INDIANAPOLIS (AP) — Republican lawmakers gave their final approval Friday of their party’s redrawing of Indiana’s congressional and legislative districts as they brushed off objections that the new maps give them an excessive election advantage and dilute the influence of minority and urban voters.
The Indiana Senate and House both saw near-party line votes in favor of the redistricting plan. The Senate voted 36-12 and the House 64-25, advancing the plan to Republican Gov. Eric Holcomb for his signature.
Political analysts say the new maps that will be used through the 2030 elections protect the Republican dominance that has given them a 7-2 majority of Indiana’s U.S. House seats and commanding majorities in the state Legislature.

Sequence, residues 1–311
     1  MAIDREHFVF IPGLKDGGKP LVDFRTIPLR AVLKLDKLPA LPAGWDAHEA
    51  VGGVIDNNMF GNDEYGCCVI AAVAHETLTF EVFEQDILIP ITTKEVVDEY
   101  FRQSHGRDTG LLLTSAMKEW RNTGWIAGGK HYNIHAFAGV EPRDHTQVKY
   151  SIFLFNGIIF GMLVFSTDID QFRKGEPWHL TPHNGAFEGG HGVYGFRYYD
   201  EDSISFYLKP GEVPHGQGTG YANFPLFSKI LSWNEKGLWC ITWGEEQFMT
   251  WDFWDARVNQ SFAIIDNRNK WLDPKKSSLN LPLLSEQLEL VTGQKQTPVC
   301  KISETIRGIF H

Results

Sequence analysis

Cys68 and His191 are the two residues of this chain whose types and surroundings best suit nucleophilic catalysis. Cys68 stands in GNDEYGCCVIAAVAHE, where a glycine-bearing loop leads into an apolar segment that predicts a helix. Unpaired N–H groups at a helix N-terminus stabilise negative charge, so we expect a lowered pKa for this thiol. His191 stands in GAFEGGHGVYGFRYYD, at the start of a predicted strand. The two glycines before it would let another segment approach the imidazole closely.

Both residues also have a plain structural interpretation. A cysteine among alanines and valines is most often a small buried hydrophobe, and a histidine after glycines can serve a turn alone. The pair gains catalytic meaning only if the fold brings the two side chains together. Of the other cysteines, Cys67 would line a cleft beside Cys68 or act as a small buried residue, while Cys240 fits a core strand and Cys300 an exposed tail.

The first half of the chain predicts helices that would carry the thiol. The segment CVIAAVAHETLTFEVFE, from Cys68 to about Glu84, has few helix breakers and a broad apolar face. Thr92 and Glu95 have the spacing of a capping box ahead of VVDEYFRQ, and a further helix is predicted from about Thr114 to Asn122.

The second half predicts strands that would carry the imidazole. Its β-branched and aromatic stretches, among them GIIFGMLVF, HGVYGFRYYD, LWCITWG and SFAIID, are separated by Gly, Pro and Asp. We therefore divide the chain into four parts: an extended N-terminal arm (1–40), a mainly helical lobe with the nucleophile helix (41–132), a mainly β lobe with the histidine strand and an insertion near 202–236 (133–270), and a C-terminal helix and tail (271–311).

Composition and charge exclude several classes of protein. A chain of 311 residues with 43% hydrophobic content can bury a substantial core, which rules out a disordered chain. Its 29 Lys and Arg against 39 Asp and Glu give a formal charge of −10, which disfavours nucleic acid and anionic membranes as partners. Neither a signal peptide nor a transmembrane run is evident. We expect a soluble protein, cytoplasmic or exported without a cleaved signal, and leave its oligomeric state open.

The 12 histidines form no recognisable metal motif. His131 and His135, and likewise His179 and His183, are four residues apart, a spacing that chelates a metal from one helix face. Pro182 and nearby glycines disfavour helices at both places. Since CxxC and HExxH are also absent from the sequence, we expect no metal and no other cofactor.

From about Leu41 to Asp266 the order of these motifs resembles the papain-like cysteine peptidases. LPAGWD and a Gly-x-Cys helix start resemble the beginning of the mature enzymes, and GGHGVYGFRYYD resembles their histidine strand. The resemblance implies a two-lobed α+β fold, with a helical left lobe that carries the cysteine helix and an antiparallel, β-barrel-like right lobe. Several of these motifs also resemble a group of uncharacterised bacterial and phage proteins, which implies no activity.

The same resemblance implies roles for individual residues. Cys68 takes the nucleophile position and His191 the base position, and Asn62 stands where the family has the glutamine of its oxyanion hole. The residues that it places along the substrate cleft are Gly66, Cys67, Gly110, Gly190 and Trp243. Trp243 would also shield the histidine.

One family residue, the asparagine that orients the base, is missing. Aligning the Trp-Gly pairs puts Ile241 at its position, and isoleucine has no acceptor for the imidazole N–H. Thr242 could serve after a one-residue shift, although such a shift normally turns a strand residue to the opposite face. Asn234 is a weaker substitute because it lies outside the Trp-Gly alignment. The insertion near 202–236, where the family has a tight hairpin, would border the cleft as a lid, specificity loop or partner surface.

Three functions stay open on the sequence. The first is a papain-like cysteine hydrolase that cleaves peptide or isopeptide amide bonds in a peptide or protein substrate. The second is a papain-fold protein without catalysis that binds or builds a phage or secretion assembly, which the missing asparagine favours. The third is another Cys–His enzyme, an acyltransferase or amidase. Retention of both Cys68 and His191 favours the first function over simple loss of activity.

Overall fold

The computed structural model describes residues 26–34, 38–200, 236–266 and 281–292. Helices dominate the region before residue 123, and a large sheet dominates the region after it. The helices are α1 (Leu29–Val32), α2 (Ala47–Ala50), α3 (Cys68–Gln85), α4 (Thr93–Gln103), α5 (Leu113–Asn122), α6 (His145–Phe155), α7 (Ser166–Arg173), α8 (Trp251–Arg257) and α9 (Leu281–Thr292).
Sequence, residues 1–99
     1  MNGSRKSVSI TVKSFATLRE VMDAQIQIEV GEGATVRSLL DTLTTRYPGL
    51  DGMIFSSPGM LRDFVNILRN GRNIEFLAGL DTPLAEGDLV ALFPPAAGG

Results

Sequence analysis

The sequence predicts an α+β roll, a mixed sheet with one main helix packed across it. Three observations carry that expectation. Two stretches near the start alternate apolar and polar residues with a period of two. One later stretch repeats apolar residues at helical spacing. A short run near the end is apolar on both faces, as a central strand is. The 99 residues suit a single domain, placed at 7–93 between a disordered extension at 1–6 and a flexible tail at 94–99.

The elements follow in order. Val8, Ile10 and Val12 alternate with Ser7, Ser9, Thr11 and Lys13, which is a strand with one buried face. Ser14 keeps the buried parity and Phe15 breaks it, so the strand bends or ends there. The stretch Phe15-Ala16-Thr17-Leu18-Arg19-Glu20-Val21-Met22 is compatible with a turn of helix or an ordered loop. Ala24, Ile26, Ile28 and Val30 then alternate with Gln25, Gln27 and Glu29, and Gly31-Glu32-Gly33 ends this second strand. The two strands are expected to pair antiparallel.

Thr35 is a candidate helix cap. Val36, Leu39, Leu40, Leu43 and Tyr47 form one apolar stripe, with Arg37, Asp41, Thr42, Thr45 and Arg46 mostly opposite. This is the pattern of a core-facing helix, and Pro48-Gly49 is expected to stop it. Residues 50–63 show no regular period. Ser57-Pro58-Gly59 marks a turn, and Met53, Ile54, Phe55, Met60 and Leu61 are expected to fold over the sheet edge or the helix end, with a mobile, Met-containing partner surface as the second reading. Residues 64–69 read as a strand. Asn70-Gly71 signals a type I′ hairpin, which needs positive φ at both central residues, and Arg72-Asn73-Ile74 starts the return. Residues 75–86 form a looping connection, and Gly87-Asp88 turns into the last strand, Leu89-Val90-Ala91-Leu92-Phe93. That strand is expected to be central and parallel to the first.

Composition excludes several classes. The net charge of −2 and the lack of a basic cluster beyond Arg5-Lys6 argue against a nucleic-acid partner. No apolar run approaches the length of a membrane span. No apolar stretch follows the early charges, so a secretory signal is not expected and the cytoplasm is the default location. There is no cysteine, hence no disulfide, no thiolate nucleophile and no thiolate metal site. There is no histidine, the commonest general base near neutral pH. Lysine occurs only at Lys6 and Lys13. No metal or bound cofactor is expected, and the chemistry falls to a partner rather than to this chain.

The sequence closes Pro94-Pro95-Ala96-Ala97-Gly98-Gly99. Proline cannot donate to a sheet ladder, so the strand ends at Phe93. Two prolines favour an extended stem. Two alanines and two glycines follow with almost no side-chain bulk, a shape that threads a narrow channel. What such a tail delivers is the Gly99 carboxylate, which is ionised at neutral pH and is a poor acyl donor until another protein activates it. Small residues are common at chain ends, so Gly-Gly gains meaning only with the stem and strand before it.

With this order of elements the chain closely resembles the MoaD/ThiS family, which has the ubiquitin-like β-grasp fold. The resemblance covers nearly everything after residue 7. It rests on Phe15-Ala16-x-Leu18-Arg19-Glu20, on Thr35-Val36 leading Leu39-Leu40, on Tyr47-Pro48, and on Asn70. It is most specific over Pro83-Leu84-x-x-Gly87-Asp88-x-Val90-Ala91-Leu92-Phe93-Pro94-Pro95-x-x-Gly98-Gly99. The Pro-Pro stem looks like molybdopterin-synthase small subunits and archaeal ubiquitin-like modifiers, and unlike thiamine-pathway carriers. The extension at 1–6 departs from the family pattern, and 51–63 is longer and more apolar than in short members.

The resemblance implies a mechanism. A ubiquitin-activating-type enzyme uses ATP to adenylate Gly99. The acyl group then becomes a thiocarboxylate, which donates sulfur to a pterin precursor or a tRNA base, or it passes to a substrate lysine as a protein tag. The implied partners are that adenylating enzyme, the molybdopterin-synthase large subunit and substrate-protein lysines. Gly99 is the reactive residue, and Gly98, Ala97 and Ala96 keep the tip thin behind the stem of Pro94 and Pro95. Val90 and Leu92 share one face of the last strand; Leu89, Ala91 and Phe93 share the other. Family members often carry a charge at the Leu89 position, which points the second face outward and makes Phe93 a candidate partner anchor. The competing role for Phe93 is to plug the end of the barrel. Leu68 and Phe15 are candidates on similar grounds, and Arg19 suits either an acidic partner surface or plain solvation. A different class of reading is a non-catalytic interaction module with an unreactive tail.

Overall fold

Republicans maintain they’ve followed all federal and state laws for redistricting to match population changes recorded by the census while avoiding splitting counties and cities between multiple districts as much as possible.
Democrats and civil rights groups pointed to the fragmenting of Fort Wayne’s large Black and Latino communities among three likely Republican Senate districts that will have rural white voters making up the majorities.
“When you have rural Indiana swooping into the urban, you’re actually diluting those voters, you’re diluting those voices,” Democratic Sen. J.D. Ford of Indianapolis said.